Learn to Flex Your Buying Muscles
It is one of the many challenges for independent pizzerias. You are competing for the customer’s pizza dollar with franchises of large corporations who can purchase the same ingredients for less money. Let’s face it: customers factor the price they are paying into their buying decision. As do you.
What if you could buy your ingredients at the same price as your competitor? This would allow you to sell your pizza at the same price, eliminating price as the decision factor in your customer’s buying decision. Now you can sell pizza based on your (much better) recipes and flavors. Wouldn’t that be a game-changer?
Before we get into how to increase your buying power to match that of your large-chain competitor, I would be remiss if I did not address the elephant in the room.
The independent pizzeria owner is oft quoted as saying “The customer will pay more for quality”. I submit to you that these words are ‘fluff’, and not a true point of differentiation that will allow you to compete by charging a higher price. If you do successfully differentiate yourself from your competitor, it will never completely supersede price. So, let’s get to work on how you can increase your buying power.
Here is a blueprint you can use to flex your buying muscles. It involves three new terms you will want to add to your vocabulary:
- Primary Vendor Distribution Agreement (PVDA)
- Group Purchasing Organizations (GPO’s)
- Manufacturer Deviations
Primary Vendor Distribution Agreement
A Primary Vendor Distribution Agreement is a contract signed by you and by your distributor (the company that brings you your food) that sets the exact margin the distributor will charge you above their cost. The contract usually separates these margins into categories, for example Cheese, Meats, Dry Goods, Produce, etc. A contract may read like this:
Cheese = .25 per pound
Meats = 8%
Dry Goods = 10%
Produce = 15%
The contract requires you to purchase most of your food and supplies through that primary vendor, usually at least 80 percent of your total purchases, and specifies the ‘drop size’ meaning the minimum dollars required for them to make a delivery. This means you may receive a delivery once per week or even once every two weeks. Distributors know how much it costs them for every stop, and factor that into the drop size. The idea is to create a win-win where you get good pricing, and they still make a profit. By signing this contract, you eliminate the middleman; there is no longer a commissionable salesperson. This saves the distributor money which they can pass along to you.
Selecting a Primary Vendor and getting a contract signed is Step 1 to flexing your buying muscles.
Group Purchasing Organizations
As an independent, or small chain pizzeria, having a PVDA is not enough. The Distributor does not have the resources to ‘go to bat for you’ with the manufacturers. For this reason, your next step is to become a member of a GPO.
A group purchasing organization is a platform that allows any business to join a group of other buyers who are interested in the same products. The GPO has buying muscle because they represent a lot of small independents, whose total purchasing power can equal, or even beat, a national chain operation. The GPO negotiates pricing and members benefit by paying much less than if they purchased the products on their own. GPO’s are very specific to the type of member. For example, pizzerias benefit by buying together because they all purchase flour, sauce, cheese and toppings. A GPO for fine-dine restaurants would not help a pizzeria. Membership to a GPO is often free. The GPO makes its money by retaining a percentage of the Deviation they get for you. The GPO has already negotiated with many manufacturers to get a ‘Deviation’, that is, a price that is less than their list price. A GPO will manage all your Deviation Programs. Some examples of GPOs that can help pizzerias are Entegra, Source1 and Restaurant Buying Group. However, your Primary Distributor can also find you the right GPO. You would provide them with a Letter of Intent which would empower your Primary Distributor to contact GPOs on your behalf.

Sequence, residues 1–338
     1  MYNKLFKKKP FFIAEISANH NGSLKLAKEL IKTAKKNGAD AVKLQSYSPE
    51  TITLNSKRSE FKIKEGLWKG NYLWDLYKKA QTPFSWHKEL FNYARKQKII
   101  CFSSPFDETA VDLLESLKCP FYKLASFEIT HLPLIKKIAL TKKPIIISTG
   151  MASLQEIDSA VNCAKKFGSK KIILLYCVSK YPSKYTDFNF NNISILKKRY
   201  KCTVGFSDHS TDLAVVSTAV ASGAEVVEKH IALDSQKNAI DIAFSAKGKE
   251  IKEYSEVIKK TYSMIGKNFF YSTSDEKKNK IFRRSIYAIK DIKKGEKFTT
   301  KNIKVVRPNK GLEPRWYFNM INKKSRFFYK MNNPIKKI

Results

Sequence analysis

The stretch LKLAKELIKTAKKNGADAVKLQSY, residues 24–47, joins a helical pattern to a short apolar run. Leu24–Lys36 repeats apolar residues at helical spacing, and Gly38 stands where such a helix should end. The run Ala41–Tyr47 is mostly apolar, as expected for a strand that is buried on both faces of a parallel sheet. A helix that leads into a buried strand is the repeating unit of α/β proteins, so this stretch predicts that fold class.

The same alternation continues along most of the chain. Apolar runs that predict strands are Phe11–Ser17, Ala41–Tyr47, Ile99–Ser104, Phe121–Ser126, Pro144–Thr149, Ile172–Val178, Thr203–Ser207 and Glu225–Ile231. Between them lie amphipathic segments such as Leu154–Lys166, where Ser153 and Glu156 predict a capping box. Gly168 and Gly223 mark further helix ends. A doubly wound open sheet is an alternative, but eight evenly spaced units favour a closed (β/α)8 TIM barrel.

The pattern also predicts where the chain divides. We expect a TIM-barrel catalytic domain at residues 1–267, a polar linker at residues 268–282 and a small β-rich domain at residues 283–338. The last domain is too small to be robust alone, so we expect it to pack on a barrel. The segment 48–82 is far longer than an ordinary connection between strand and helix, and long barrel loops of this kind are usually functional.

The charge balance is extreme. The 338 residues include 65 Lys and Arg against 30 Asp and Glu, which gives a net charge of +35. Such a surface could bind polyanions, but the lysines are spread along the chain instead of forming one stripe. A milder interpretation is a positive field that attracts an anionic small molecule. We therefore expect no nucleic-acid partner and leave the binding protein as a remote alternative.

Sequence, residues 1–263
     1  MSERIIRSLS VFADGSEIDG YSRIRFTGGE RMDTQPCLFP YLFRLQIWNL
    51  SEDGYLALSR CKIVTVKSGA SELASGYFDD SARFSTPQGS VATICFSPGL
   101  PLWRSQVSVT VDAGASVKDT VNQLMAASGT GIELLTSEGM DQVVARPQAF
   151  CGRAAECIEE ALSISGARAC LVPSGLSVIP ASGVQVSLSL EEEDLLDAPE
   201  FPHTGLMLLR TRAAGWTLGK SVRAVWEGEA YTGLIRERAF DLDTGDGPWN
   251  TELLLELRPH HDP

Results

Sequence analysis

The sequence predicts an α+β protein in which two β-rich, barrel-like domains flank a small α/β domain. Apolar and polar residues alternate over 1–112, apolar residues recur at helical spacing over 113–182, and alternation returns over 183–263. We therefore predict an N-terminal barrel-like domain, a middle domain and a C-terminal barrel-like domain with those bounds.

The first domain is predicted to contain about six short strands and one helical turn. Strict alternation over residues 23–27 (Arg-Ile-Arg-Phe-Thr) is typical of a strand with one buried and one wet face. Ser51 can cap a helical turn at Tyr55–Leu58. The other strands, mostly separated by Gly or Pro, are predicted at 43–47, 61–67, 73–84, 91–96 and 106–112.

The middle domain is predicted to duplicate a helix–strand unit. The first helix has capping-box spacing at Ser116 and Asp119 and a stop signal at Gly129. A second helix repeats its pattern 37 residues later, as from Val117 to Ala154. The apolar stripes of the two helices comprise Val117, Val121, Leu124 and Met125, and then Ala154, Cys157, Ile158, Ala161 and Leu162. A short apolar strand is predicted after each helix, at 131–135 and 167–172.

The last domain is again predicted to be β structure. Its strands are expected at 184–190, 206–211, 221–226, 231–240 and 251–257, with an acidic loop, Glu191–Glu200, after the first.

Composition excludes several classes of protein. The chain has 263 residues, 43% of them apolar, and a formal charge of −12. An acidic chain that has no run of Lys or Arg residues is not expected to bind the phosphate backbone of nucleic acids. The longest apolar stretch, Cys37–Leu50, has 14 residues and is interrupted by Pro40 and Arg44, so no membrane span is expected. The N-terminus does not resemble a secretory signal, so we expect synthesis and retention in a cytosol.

Becoming a member of a GPO is Step 2 in flexing your buying muscles.
Which brings us to defining ‘manufacturer deviation’. A manufacturer deviation is a discount off the regular price. Manufacturers will give customers who order lots of their products this discount. These ‘deviation agreements’ require some management. They may expire every six months or one year. They require the submittal of Usage Reports on a regular basis. Your GPO will manage these agreements. Here is an example of how the savings work for you. I’ll use a common ingredient for pizza, pepperoni. Let’s say you purchase pepperoni, and the manufacturer case price is $100. Your GPO has negotiated with that pepperoni manufacturer to get their members a $10 deviation. If your GPO charges 1% of your purchases, in this case $90, they will retain .90 per case and you will save $9.10 per case. Combined with the savings you achieve with your PVDA Agreement, here is how that savings looks for one case of pepperoni:
No PVDA & no GPO
Manufacturer = $100
Distribution mark-up of 12% = $12
Price to you = $112
With PVDA & GPO
Manufacturer = $90.90
Distributor mark-up of 8% = $7.27
Price to you = $98.17
A savings of $13.83 for every case of pepperoni!
Working with your GPO to align your products with their manufacturers is Step 3 of flexing your buying muscles.
Step 1: Sign a Primary Vendor Distribution Agreement
Step 2: Become a member of a Group Purchasing Organization
Step 3: Align your products with your GPO’s negotiated manufacturers
Now you are buying like the Big Boys. By eliminating price as a factor in your customer’s buying decision, you may focus on what truly differentiates you from your competitor!